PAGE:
Saturday, June 23, 2018

Bookcase Start

 I started this project with the fabrics I had collected for the Cookbook section.  This is "Pies".  Partially because I found good fabric for this and also because it's a memorial for my dad.  He loved pies.  It was the cooking I perfected in my youth.

I learned a few things from this section.  1) I think there is too much height variation b/w the books.  In real life, I would have put the tall things and short things together.  2) Just b/c you have it doesn't mean you need to use it.  In retrospect, there is too much yellow/tan in this section for it to be interesting.  I added a few darker neutrals, but it could have used more.

I am much happier with the next section of "Entree" cookbooks.  Better color variation.  Retrospectively, a thin bit of solid with some contrast would make the others stand out more.  Concepts to remember for the next sections.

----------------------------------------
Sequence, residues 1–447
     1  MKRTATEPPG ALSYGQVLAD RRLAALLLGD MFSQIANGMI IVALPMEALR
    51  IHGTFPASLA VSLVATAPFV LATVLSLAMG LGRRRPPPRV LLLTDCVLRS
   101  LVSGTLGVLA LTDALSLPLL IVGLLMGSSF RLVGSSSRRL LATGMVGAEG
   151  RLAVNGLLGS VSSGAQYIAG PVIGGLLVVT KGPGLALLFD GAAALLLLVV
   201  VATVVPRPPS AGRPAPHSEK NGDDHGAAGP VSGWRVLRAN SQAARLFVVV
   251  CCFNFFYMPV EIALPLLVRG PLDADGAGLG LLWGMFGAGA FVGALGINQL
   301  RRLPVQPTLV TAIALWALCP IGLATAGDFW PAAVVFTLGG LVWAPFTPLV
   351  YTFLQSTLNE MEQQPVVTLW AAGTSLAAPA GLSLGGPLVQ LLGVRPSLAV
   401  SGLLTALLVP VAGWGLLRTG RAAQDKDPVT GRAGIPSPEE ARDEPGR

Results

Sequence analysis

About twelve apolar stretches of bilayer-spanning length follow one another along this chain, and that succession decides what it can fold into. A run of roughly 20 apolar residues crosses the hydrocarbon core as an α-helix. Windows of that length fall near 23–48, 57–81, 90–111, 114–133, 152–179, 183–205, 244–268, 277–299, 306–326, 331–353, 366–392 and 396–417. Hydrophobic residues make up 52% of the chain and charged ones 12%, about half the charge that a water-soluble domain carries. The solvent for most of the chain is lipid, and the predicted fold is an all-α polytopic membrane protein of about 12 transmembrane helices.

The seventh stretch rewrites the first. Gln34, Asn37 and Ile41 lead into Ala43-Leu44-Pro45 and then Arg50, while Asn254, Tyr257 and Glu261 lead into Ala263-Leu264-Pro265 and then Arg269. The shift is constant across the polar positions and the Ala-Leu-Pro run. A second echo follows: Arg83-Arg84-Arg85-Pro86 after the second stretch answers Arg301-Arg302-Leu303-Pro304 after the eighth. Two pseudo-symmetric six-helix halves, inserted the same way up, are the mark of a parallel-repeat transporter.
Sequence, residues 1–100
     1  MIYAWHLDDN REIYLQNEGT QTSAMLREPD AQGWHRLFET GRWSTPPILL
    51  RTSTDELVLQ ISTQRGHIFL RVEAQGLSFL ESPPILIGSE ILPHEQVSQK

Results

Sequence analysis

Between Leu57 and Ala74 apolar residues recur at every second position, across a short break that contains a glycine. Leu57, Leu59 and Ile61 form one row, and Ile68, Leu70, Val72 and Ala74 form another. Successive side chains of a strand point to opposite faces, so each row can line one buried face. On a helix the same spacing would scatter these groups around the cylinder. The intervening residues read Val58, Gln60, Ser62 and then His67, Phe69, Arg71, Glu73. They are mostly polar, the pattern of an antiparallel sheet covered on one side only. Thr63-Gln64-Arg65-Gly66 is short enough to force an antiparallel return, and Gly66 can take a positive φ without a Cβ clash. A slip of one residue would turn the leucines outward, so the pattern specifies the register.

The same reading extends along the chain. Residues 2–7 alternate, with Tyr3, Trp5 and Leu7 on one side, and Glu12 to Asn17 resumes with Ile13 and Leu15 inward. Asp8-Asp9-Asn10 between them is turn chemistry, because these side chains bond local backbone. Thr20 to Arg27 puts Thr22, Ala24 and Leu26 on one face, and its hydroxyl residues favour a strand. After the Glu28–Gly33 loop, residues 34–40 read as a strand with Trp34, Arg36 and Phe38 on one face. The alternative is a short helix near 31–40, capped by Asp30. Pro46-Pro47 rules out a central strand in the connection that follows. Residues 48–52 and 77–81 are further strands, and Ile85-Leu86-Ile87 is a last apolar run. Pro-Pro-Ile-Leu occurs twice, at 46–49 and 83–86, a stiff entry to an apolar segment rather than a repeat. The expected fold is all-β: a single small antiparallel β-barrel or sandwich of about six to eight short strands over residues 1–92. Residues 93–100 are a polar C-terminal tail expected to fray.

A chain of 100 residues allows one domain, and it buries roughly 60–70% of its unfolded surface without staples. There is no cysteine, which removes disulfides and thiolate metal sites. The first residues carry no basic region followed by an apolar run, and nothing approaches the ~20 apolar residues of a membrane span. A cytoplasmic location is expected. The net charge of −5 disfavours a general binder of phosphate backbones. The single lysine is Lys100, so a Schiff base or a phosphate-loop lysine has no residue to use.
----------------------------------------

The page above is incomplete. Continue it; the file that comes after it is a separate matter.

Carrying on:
I rather like the jar of marmalade.  I'll improve the jar lid with quilting.

I like the tipped books.  But next time I will take the extra step to tip each one, not a duo.

So I moved on to the paperbacks section.  Selvage edges which I usually use to tie up tomatoes in the garden.  I cut them wide with a bit of the print remaining.  Sewed them onto a 3" black strip then cut into strips.

Sewed them together, making it a point to starch and trim to square up every 3-4 strips.  These are typically 1/8" seams to take advantage of the selvage prints.  Learning from previous mistakes, I kept all of these top distance variations w/i  1/2 inch, but more typically 1/4" variation from it's neighbor.

For beginner sewists (ROBIN), that narrow of a seam allowance is pretty tricky.

But I am super Happy Chuffed Psyched about how this turned out!
When I sewed the selvages to the black strip, I tried to make the most interesting bits show near the top.  The Chicken and Flower color dots are my favorite!

I am just winging it on this project, but have several friends who are doing this project at the same time, so I hope to keep giving insights and ideas so you don't have to make the same mistakes I do, and hopefully benefit from my happy results.

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